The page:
- Feature Name: ramp-interface
- Start Date: 2020-03-09
- Tremor Issue: tremor-rs/tremor-runtime#0108 TBD
- RFC PR: tremor-rs/tremor-rfcs#0018
This RFC proposes a generalised interface for onramps(sources) and offramps(sinks). This interface can serve as a basis for the PDK as it unifies how Tremor core addresses ramps. As a second benefit, it could serve as a de facto standard for sources and sinks in the broader Rust event processing ecosystem.
The RFC 0006 outlines the need and plan to implement a plugin development kit allowing decoupling parts of Tremor to make development less centered around a single artefact.
To enable plugins, plugins of the same type need to share a standard interface over which they communicate with the outside world. As of today, ramps are the least standardised component in Tremor where each ramp, in no small degree, "does its own thing." A standardised interface paves the way to implement ramps in the PDK.
The secondary motivation is that there is an emerging event processing ecosystem in the Rust world, providing a standardised interface that helps code reusability, quality, and sharing. For example, sharing code with timber.io's Vector project could become possible.
We introduce a Sink and a Source trait. Those traits abstract over the following parts:
- Data handling.
- Status handling (errors, failures, backpressure for sinks).
- Lifetime management (initialisation and shutdown).
- Event handoff (either to or from the onramp).
- Circuit breaker control/signals/events.
- Support for guaranteed delivery.
These interface changes trigger a redesign of the current codecs and pre/post processors as they would likely be outside of the scope of a sink or source.
We should discuss the communication design at this part to provide reasoning as to why it is sound.
To enable circuit breakers and guaranteed delivery, we need to communicate from a source through a pipeline to an offramp. This model comes with a challenge of a possible live lock at the source and pipeline level. To elaborate, we look at the source as an example. The loop of communication creates the possibility that the source sends an event to the pipeline, blocking at a full queue. At the same time, the pipeline sends an insight to the source, also blocking at a full queue, and thus locking forever.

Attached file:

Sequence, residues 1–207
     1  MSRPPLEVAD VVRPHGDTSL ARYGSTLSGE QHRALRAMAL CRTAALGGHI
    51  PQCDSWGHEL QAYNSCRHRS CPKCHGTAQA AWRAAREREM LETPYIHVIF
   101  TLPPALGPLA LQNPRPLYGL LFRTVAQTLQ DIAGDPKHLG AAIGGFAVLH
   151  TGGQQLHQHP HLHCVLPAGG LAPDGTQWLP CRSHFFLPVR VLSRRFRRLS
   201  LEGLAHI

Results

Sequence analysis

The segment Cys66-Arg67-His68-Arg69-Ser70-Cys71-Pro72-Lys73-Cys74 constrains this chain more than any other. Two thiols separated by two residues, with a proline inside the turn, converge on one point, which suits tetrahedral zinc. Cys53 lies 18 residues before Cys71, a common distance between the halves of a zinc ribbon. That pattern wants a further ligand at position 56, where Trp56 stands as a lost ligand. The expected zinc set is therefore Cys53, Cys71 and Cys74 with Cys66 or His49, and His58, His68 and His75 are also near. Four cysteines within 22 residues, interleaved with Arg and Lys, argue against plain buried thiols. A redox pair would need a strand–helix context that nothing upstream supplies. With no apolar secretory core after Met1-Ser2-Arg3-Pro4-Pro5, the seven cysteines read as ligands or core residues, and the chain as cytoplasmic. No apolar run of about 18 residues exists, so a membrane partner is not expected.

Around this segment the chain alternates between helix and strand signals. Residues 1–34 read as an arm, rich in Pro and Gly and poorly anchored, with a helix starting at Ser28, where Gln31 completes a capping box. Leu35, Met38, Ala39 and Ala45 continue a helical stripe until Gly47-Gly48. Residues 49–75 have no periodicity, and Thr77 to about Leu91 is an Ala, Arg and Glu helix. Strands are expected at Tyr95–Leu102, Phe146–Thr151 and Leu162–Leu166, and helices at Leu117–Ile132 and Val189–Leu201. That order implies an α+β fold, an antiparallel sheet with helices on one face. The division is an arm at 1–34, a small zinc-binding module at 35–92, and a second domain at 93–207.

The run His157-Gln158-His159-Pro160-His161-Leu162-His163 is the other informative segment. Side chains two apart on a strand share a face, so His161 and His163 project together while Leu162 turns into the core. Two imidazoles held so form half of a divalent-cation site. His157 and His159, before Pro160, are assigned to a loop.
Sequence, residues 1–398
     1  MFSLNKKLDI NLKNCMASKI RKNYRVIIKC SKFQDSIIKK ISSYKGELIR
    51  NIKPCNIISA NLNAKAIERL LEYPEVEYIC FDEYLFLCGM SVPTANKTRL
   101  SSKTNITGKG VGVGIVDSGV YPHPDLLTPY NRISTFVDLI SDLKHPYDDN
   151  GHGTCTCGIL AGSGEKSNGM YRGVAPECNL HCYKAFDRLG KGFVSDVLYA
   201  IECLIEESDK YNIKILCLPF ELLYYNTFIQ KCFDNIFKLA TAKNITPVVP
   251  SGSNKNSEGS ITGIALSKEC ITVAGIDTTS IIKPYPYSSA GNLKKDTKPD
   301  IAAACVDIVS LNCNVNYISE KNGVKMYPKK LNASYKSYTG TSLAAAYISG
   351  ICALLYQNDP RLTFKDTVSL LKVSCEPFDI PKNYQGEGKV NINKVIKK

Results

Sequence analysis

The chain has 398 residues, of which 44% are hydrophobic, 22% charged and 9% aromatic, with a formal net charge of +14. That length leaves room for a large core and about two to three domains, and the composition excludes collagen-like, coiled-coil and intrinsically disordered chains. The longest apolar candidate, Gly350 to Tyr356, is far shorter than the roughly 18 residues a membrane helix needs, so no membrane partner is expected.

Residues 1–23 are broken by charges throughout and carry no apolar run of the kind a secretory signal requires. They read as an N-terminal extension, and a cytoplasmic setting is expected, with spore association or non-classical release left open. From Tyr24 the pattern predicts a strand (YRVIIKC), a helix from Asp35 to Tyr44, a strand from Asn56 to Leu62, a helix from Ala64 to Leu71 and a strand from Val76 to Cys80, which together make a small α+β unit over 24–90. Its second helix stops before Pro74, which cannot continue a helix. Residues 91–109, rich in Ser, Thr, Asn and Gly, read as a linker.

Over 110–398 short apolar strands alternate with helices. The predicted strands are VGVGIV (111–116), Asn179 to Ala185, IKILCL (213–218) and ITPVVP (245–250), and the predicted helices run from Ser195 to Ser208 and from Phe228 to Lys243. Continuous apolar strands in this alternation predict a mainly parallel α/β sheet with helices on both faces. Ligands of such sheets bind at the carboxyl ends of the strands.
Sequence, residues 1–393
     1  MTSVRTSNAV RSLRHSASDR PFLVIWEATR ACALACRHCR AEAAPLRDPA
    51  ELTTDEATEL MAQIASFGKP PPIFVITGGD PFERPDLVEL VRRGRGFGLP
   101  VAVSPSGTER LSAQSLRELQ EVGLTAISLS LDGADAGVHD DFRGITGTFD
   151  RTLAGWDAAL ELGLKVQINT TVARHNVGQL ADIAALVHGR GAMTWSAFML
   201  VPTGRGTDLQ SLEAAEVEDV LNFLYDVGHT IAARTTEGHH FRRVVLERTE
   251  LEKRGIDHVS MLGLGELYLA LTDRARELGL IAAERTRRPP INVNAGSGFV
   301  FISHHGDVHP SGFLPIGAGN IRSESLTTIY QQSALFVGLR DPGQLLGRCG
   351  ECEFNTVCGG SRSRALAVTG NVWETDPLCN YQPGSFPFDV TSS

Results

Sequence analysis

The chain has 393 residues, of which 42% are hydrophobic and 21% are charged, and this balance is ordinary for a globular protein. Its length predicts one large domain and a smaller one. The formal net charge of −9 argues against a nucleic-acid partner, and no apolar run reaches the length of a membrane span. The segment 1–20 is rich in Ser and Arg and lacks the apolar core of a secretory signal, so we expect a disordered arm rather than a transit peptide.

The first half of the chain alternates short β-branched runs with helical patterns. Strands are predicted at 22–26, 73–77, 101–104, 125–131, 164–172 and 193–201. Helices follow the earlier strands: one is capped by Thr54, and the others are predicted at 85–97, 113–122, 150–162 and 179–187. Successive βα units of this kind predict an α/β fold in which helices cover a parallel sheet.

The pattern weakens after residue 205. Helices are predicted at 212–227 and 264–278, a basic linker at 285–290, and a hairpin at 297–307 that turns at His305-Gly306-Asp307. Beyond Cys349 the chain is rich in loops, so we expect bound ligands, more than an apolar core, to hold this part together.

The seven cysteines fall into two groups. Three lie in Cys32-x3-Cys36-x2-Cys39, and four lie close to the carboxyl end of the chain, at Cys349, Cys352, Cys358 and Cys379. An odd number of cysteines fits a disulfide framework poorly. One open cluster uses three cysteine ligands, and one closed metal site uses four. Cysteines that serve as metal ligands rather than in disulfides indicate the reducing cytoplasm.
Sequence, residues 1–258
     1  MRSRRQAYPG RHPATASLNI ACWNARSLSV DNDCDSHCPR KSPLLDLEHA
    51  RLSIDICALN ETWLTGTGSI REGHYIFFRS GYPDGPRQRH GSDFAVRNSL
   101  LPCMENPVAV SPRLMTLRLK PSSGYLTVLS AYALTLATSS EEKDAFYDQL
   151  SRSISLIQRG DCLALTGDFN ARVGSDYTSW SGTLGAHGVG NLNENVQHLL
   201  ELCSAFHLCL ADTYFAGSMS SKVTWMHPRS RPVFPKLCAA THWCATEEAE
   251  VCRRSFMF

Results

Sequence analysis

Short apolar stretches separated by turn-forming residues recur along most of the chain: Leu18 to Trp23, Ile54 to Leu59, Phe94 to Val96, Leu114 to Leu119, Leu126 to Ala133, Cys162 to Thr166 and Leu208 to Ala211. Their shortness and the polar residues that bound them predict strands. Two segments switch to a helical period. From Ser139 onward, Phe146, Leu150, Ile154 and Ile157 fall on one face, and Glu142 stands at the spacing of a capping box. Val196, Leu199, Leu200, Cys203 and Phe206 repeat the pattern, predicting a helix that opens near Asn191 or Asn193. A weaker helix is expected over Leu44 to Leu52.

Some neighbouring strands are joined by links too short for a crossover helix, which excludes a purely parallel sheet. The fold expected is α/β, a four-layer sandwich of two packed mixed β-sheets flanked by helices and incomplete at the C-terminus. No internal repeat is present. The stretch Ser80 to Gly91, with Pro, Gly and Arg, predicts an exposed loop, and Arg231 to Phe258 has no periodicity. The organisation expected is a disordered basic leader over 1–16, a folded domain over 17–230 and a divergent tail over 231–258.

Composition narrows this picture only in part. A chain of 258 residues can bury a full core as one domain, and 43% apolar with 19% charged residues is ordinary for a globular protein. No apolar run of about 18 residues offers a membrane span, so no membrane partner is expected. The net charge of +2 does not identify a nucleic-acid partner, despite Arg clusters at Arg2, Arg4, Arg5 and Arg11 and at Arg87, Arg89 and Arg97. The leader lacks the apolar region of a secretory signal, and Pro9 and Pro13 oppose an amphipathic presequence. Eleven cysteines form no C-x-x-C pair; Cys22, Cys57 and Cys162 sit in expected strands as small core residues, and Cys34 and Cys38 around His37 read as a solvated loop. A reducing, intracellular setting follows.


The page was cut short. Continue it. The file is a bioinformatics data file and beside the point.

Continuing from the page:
To resolve the lock, we use an unbounded queue for insights. Without additional guarantees, unbounded queues hold the risk of uncontrolled risk. In the implementation, we guard against that in two ways so we can guarantee a sound implementation:
In both pipelines and sources, we always process insights first, so forward flow only happens when there is no contraflow remaining to process. By that, we guarantee that before we send an event, we drain all pending insights (and their unbounded queues).
Events create insights. Neither sinks nor pipelines can create an insight without a corresponding event. If no events flow forward, there is a finite number of insights to be processed; so while we use unbounded queues, we bound the number of insights that can exist between two events.
Generalised sinks and sources are less specialised than custom-built ones. The chances are good that it complicates some of the implementations and can have a slight negative impact on performance.
The implementation lends itself to adopt an async-based implementation. A move from threads to async tasks puts a performance penalty on single pipeline deployments. The trade-off here is that an async implementation lends itself to higher concurrency situations and is less impacted when there are many more pipelines or ramps than available cores. Looking down the roadmap, this does provide the characteristics we need for clustering.
To put this in numbers here, a comparison of 0.8.0 compared with the async implementation. To do this, we ran the test with three physical cores and 42 threads (24 cores + 24 threads). We then run both 0.8.0 and current with 1, 2, 4, 8, 16, 32, and 64 pipelines and onramps against a single blackhole offramp and the throughput recorded.
|MB/s||0.8 - 3||cur - 3||0.8 - 48||cur - 48|
Rationale and Alternatives
First of all, not generalising ramps excludes them from the PDK.
The second rationale and alternative is the choice between a strictly threaded and an asynchronous model already described in the drawbacks section. It also details why the negative impact on single-threaded performance is a worthwhile trade-off.
Generalised interfaces are a typical pattern. One example is the ring, a common abstraction over web applications that allows the reuse of shared parts and logic. Other applications and domains use the same principle to create a more extensive ecosystem around a concept.
This RFC does not address linked on/offramps since they are a particular case.
A further opportunity is to extend the concept of generalised ramps to linked on and offramps.
For the time being, Sinks and Sources exist as abstractions under the Onramp/Offramp model. We can remove this abstraction when we have ensured the model works with linked ramps.